Evaluating Healthcare IT and Understanding the Work of Healthcare are Entangled Processes

Evaluating Healthcare IT and Understanding the Work of Healthcare are Entangled Processes

Joseph Schulman (New York Presbyterian Hospital, USA)
DOI: 10.4018/978-1-60566-988-5.ch011
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Abstract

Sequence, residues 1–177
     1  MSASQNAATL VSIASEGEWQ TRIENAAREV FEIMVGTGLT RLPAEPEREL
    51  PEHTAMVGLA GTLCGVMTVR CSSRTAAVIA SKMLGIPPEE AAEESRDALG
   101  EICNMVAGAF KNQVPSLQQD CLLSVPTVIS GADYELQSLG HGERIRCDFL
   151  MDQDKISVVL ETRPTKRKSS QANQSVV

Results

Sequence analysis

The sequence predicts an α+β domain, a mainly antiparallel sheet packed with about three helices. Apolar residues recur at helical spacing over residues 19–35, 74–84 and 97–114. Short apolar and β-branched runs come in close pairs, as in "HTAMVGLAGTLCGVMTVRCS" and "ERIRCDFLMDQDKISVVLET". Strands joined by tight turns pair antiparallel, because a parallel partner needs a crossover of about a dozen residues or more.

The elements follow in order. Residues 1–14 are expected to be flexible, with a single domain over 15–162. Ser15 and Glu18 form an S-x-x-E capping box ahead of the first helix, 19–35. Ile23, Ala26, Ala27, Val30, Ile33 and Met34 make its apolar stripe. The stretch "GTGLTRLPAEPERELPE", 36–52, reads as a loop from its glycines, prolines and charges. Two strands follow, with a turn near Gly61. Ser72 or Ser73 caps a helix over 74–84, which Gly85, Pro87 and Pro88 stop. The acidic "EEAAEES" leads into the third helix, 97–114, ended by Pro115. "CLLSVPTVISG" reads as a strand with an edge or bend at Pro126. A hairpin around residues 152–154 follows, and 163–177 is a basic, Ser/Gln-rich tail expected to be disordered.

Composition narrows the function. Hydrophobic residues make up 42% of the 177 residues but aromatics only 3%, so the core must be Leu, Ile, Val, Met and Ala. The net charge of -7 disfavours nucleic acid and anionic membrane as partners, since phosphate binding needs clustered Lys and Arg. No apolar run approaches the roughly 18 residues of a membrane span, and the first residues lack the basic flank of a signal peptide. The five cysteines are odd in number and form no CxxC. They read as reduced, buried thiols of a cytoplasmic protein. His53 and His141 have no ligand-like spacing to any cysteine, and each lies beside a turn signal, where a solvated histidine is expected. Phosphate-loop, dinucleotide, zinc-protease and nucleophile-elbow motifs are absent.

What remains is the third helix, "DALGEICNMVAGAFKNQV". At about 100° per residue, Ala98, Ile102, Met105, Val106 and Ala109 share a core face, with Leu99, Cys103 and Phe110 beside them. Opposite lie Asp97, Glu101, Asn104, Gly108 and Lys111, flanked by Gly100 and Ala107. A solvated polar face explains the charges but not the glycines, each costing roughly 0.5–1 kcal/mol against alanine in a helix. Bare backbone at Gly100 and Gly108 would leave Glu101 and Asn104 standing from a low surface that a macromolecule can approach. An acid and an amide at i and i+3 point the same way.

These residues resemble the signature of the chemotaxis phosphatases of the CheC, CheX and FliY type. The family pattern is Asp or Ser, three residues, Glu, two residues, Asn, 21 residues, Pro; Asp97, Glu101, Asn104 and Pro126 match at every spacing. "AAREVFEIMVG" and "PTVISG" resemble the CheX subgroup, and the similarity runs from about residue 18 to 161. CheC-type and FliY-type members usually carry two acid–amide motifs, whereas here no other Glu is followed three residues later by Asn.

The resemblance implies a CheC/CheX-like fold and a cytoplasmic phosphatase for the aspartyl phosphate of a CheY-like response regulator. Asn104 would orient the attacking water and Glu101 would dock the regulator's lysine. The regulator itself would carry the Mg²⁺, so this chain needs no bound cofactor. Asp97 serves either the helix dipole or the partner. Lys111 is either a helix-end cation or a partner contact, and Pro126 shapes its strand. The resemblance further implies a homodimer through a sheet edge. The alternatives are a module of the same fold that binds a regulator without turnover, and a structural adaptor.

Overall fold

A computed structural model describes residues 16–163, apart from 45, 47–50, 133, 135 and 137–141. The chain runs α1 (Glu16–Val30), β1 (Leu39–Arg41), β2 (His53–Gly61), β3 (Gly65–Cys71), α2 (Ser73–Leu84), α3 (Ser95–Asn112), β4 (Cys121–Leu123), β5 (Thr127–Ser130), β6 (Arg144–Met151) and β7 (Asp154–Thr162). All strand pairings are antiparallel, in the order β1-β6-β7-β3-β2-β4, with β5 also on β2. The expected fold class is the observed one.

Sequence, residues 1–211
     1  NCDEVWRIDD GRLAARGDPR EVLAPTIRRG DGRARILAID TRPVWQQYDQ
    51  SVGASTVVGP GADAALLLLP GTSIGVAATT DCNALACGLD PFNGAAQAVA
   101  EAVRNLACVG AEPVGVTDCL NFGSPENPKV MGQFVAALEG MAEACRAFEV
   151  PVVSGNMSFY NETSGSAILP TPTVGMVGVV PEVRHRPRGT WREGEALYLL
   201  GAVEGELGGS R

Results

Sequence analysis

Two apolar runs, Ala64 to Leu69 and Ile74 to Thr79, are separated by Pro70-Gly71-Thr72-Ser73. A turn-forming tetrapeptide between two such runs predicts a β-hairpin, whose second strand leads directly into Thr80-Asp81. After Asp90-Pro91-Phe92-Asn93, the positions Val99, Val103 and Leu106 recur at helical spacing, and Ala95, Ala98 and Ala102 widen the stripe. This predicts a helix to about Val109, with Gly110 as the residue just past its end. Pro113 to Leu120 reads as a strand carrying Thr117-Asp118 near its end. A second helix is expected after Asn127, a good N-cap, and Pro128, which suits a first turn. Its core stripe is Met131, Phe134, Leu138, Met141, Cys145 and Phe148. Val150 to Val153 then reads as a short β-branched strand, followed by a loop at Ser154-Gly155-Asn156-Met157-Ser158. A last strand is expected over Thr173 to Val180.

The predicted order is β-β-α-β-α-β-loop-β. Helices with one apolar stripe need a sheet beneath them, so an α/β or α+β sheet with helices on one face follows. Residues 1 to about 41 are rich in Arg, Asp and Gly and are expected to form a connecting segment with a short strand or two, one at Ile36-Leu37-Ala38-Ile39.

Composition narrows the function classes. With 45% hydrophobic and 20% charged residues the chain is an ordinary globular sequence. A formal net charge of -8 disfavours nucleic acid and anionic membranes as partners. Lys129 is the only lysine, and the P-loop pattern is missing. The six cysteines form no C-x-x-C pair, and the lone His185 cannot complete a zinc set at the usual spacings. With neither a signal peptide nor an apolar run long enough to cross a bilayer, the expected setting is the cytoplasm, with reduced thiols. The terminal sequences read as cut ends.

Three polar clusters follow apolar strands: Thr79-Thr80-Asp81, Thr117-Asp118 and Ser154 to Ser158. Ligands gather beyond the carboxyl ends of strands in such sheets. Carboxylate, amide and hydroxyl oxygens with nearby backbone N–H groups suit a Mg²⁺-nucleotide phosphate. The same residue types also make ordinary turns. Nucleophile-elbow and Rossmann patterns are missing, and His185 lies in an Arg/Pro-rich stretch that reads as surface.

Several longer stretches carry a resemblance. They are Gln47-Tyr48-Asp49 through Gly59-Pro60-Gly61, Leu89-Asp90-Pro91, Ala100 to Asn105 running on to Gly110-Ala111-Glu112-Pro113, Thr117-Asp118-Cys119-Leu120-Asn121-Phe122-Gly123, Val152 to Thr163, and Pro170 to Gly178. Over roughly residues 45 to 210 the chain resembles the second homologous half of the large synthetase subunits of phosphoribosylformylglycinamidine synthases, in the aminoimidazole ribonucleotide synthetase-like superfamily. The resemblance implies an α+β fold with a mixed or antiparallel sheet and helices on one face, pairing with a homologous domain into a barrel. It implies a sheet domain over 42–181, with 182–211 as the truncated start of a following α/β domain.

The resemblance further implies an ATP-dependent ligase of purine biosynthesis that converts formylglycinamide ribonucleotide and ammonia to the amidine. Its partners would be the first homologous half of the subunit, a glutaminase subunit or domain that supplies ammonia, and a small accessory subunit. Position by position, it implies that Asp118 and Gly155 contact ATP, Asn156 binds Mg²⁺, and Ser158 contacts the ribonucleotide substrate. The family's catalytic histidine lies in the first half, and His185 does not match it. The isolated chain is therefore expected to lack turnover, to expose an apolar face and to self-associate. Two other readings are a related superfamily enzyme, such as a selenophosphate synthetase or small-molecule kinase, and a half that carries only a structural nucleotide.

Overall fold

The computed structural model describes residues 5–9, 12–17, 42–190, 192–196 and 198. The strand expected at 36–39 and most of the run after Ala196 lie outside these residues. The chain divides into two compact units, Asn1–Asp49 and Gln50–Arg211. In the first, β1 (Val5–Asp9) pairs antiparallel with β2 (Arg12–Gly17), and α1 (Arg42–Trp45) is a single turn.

Parallel to the monumental problem of replacing paper- and pen-based patient information management systems with electronic ones is the problem of evaluating the extent to which the change represents an improvement. Meaningful and useful evaluation rests upon: a) explicitly conceptualizing the goals and tasks of the daily clinical work; b) thinking of electronic information management technology as a cognitive tool; c) explicitly representing in the tool the pertinent information elements; d) selecting among possibilities for representing a problem formulation so as to facilitate the solution; and e) appreciating the dynamic interaction between the work and the tool–that changing a tool necessarily changes the work. Anchored in the story of how one hospital committee learned to think about the purpose and impact of a patient information management system, this chapter gives practical insight to these evaluative considerations.

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